Would a remodeled Hurricane wash away parts of the music scene or merely dampen a few spirits?

Tropical Depression 

Would a remodeled Hurricane wash away parts of the music scene or merely dampen a few spirits?

Last week, The Kansas City Star reported that a "Leawood entrepreneur" named Joey Crenshaw was planning to buy the Hurricane, shut it down, remodel it, stick a velvet rope outside and a VIP room in the basement, and make it over as an exclusive, trendy, Plaza-style bar. Gone would be hip-hop, Crenshaw said, and he implied that original local music would be out as well. The only live acts would be cover bands and touring national acts. He dropped the name of the platinum-selling pop-punk group the All-American Rejects as an example.

Local music message boards had a field day. At ArgumentMachine.com, which is frequented by a diverse group of indie scenesters, the responses to the news ranged from disgust to laissez faire.

"I've never liked the Hurricane," wrote one local musician. "The only thing it had going for it was the sound and some of the people (no, not the door guys). This will make not one bit of difference in my life. As a matter of fact, I don't think I've purchased more than one drink in all of Westport in the last year, maybe longer."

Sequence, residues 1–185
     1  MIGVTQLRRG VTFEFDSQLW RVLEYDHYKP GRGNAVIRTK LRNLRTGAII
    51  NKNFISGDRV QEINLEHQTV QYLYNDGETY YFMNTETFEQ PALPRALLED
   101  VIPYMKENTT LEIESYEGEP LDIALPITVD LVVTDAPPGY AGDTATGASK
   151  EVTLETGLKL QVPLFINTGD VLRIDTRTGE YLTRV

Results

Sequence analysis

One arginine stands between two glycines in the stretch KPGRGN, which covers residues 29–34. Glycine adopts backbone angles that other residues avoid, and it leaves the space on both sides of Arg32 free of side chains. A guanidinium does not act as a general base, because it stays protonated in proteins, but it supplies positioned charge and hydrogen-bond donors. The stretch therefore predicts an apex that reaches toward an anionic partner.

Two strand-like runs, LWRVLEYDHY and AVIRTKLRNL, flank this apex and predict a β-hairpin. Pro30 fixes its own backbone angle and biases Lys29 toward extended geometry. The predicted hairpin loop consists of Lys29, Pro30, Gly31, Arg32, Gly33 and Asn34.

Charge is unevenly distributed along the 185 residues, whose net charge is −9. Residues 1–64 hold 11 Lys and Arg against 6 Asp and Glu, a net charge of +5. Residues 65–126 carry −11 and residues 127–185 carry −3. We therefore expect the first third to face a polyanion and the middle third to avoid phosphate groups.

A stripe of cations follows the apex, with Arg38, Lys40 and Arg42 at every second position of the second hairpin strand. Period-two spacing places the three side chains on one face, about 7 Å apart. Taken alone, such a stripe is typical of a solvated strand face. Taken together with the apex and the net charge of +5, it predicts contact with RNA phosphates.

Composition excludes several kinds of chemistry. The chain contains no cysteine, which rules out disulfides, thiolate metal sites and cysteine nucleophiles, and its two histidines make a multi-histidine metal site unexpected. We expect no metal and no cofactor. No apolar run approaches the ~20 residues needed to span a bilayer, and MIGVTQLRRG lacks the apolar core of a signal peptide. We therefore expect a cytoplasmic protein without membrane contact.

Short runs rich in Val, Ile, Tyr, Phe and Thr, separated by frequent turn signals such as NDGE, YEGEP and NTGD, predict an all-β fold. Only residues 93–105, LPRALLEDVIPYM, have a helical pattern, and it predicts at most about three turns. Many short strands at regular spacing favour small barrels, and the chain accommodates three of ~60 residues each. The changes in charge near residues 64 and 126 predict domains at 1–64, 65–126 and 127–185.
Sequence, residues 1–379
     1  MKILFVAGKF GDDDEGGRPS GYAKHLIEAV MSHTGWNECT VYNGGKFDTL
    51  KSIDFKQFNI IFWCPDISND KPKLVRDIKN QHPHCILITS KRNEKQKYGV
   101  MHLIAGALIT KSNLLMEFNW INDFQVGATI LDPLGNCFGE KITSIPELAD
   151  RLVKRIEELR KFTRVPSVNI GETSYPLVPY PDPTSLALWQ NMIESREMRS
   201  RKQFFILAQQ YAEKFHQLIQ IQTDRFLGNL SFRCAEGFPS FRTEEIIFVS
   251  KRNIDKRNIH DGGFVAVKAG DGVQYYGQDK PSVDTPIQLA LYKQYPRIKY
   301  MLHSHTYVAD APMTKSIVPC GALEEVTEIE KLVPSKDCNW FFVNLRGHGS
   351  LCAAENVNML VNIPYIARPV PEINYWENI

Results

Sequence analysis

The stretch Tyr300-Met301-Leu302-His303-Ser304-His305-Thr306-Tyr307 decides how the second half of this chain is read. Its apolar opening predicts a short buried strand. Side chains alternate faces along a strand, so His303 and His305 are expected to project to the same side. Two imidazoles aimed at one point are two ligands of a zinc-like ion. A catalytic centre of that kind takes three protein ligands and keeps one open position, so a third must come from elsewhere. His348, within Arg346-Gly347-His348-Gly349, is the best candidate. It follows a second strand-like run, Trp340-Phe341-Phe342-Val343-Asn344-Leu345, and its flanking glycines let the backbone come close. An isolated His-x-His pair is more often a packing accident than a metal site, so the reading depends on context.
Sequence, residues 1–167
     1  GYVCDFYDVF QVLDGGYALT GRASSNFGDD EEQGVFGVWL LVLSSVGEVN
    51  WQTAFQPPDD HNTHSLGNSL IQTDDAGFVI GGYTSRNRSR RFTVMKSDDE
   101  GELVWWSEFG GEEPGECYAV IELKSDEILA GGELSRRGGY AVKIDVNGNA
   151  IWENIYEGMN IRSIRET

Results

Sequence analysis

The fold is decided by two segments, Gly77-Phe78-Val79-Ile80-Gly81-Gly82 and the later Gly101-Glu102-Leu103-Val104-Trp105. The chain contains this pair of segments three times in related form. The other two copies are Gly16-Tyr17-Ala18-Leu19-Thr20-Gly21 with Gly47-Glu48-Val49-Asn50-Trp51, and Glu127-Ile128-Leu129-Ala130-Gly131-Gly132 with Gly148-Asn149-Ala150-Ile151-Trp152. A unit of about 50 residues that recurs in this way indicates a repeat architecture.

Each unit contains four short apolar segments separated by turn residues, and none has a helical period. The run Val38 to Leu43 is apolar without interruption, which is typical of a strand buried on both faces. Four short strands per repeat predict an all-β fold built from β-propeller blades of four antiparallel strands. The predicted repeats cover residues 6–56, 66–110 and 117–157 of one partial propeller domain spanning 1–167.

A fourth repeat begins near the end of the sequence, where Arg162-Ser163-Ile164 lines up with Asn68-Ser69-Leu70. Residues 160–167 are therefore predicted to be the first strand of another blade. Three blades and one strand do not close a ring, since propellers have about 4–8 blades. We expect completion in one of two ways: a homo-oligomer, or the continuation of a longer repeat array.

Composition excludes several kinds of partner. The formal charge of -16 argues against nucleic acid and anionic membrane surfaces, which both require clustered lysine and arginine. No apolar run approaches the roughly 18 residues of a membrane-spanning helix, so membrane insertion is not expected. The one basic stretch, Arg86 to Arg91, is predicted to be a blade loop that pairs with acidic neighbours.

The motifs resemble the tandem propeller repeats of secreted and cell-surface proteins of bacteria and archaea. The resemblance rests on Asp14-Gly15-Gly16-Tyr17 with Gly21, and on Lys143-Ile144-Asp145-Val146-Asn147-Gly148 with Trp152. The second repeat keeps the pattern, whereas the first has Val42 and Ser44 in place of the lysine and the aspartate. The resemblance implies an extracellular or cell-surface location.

This musician added that anyone who availed himself or herself of the proposed limo service from the Hurricane down the block to Karma deserved to get "punched in the taint."

One forum regular claimed that he had puked in his mouth upon hearing the news. Another posited that Westport was drawing a Plaza crowd already anyway. Someone else observed, "Sounds like another very unfortunate hit for the original scene of KC. Although if the original scene drew people, I guess it would be a different thing. [It's] just sad."

Meanwhile, over at HipHopKC.com, responses were more incensed. The Hurricane is one of the few venues willing to book occasional hip-hop shows and crunk nights.

"This sucks," ranted a board user. "The Hurricane is known as a fucking dive, has been for about three decades. Ask anybody, even people in Leawood. I don't see a lil' sprucing up getting the Plaza yuppies up to their fucking bar. In the meantime, they're taking away one of the few consistent spots for performers in our scene to do our shit."

Another regular, a DJ who has seen both sides of the hip-hop issue — both the discrimination and the violence — wrote, "The stuff club owners have to go through dealing with hip-hop clientele is stressful. [I've] been [in] situation[s] in this market where I thought I was going to have to fight my way out of the clubs. Then you add to the factor promoters who are out for the quick buck and look for ways to pimp hip-hop because it attracts a 'certain' clientele but don't want to deal with the urban demographic. It's like one hand washes the other; hip-hop is popular when it brings in money to a club that is dying out, but when the money is gone, we are the first ones to be let go and blamed for the problems."